Misconceptions, glitzy ads pushing youngsters toward fancy e-cigarettes

According to a recent National Institute on Drug Abuse (NIDA) report, the use of most of the drugs and other substances are markedly decreasing among the teens, except electronic cigarettes (e-cigarettes), in the United States. In fact, teenagers and adolescents are likely to use e-cigarettes comparatively more than cigarettes.

One can figure out the rising menace of e-cigarettes by the fact that its use has risen to 9.5 percent among eighth graders, 14 percent among 10th graders and 16.2 percent among 12th graders, which is comparatively more than the use of cigarettes. Such a disturbing trend has become a matter of concern among experts because recent studies have highlighted that e-cigarettes are as harmful as normal cigarettes. Read more

Detoxification-eliminating toxins left by drugs and alcohol

According to the 2015 data released by the National Survey on Drug Use and Health (NSDUH), in 2014, nearly 22.5 million Americans aged 12 years or older needed treatment for drug and alcohol addiction, however, only 4.1 million people received treatment for substance use disorder during the same period. Thus, there continues to be a large treatment gap in the country, despite a significantly high rate of substance use, abuse and dependence among Americans. Read more

National Healthy Lung Month: Forms of tobacco addiction – Cigar

Often considered as a hobby rather than a habit, cigar has slowly gained more popularity than the cigarette. Tagged as classy and elegant, cigar has emerged as the symbol of a high profile lifestyle. According to the Centers for Disease Control and Prevention (CDC), in 2013, an estimated 12.4 million people in the United States aged 12 years or older (or 5.2 percent) were current cigar smokers. The CDC further observed that cigar use was higher among the youth, especially those who were in the habit of consuming other tobacco products or drugs. Read more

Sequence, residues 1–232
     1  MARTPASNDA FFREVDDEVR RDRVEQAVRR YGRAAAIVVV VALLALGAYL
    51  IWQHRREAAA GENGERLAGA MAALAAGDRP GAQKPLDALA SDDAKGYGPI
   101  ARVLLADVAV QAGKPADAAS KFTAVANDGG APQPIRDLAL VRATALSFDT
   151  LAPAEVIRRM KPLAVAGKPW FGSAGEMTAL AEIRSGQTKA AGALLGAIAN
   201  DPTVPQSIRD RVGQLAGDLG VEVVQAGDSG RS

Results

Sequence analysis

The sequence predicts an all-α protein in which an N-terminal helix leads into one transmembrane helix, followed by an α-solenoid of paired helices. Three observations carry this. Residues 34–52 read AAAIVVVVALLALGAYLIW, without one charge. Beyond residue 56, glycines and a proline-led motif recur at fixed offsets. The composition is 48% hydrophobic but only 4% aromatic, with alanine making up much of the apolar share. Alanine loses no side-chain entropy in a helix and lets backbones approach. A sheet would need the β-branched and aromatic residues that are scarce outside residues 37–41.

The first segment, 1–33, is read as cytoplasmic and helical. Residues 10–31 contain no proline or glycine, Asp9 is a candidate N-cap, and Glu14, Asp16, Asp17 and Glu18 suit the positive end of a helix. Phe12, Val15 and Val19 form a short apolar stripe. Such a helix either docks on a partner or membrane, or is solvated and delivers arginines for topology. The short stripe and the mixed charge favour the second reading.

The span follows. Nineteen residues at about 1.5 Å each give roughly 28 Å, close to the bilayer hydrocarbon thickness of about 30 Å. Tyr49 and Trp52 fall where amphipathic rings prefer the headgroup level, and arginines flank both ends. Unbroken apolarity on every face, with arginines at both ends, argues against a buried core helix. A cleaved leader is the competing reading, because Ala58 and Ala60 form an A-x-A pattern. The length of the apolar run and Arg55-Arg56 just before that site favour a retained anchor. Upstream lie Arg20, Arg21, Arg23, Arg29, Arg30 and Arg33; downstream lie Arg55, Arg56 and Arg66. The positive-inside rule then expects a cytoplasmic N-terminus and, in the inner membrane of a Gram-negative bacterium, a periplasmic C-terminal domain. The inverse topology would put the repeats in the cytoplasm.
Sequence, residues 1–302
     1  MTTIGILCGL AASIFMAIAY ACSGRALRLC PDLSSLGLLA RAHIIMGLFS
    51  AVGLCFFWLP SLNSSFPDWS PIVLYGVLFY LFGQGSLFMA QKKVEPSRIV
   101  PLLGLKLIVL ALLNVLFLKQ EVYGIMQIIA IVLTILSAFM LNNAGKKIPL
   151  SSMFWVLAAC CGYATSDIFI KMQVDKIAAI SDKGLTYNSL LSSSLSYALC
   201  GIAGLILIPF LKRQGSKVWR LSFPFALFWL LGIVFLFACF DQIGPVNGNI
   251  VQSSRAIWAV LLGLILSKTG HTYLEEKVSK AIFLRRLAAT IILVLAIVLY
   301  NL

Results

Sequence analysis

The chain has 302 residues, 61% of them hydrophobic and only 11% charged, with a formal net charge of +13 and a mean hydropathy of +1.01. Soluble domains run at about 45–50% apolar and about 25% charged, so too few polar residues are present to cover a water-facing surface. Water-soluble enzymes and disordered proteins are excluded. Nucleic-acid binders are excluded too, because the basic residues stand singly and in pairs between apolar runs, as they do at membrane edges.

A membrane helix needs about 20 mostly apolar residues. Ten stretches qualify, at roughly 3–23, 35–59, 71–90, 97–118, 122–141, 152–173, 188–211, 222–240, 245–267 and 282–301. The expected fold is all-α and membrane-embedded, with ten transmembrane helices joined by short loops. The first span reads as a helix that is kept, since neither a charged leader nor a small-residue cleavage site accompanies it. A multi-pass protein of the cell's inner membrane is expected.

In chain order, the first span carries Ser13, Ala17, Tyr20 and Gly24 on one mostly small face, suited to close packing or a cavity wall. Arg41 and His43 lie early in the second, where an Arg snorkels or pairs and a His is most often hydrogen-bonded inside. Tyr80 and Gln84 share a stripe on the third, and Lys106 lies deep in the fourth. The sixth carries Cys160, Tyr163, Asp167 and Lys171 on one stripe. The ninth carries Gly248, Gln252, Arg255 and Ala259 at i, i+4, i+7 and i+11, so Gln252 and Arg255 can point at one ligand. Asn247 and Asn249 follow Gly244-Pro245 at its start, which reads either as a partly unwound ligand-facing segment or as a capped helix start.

Food and Drugs Interactions and Awareness Week: 10 tips for consuming foods and using medications

October 17 to 24 marks Food and Drugs Interactions and Awareness Week in the United States. The seven-day event aims to educate the public about how prescription medications and alcohol respond to certain nutritional ingredients and supplements and vice versa. Some of these combinations can hinder the needed effectiveness of various medicines or enhance the potency of other drugs to dangerous degrees.